- He hoped to roll a seven to move the number of spaces on the board he needed to win the game.
- She filled up on rolls during the first course, so she got full before making it to dessert.
- Taking roll on the first day was always the hardest for teachers learning to pronounce new names.
- A single tear rolled down the actress's cheek as she tried to conceal her sadness.
‘Role’ Example Sentences
- His favorite roles to play were always the villains because the characters were more dramatic.
- Her role as an office intern meant she had to do a lot of filing and picking up coffee orders.
- My brother just got a starring role in a new Netflix original drama series.
- She was excited to pull the role of a murderer for the murder mystery dinner party.
Final Advice on ‘Roll’ vs ‘Role
Learning new words can also be a great opportunity to learn more about language tricks. In this article, you learned more about homophones and how they can trip up a reader or writer if not used in the right context, which is why using them correctly in conversation (when they aren’t written) is extra important. But homophones are also a great way to learn new words by really nailing down their meanings so you don’t mix them up.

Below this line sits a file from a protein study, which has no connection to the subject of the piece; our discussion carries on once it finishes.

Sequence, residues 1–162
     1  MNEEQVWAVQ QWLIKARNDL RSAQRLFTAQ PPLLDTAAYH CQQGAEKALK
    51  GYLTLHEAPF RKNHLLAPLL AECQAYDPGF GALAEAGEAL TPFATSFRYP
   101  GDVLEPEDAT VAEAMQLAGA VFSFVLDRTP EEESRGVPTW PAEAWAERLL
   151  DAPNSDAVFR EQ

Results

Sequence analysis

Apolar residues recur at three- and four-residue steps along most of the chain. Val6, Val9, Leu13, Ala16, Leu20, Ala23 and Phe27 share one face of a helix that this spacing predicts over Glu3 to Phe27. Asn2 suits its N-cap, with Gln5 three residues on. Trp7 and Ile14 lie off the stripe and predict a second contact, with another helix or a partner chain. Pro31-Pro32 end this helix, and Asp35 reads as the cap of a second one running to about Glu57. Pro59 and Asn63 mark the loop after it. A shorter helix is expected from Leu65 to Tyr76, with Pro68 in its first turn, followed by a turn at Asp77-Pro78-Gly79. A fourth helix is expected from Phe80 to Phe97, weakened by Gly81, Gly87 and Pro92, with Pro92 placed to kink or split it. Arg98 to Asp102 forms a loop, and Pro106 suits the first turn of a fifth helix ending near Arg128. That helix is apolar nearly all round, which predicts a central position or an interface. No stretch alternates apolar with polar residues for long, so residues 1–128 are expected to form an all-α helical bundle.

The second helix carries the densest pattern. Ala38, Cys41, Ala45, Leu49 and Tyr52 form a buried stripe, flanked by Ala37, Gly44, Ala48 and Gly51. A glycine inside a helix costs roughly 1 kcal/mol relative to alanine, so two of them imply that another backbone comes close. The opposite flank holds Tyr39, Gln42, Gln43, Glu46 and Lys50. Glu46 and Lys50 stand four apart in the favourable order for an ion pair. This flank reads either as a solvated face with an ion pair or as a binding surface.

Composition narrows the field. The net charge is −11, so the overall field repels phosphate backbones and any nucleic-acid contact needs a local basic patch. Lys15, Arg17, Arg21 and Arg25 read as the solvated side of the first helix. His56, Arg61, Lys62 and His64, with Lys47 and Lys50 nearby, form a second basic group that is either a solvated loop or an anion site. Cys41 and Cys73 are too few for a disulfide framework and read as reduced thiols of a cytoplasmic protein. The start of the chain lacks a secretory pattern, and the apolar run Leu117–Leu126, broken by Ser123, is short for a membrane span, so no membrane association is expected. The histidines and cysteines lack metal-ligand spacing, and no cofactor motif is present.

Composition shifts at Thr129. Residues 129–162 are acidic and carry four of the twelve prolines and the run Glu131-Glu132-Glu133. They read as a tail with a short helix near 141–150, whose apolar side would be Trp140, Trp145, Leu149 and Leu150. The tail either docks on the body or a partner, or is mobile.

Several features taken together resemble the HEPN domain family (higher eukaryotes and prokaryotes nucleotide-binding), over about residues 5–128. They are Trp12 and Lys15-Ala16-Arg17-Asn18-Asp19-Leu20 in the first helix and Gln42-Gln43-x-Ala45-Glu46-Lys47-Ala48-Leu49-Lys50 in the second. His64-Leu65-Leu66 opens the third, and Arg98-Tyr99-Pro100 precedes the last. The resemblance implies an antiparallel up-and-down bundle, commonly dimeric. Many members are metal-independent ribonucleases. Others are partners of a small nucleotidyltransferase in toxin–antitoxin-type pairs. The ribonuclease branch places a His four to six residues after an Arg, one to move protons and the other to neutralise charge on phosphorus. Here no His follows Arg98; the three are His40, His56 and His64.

Want a recap? Here’s what we covered:
- ‘Roll’ is a verb with a variety of meanings, but it typically means to turn over and over on an axis. It can also be a noun describing a rounded thing.
- Meanwhile, ‘Role’ is a noun describing a person's (typically an actor’s) function in a situation.
You can find more information on homophones in other articles, as well as articles explaining other confusing words to help expand your vocabulary. Remember that context clues can be your best friend in a conversation, especially with words you know sound identical.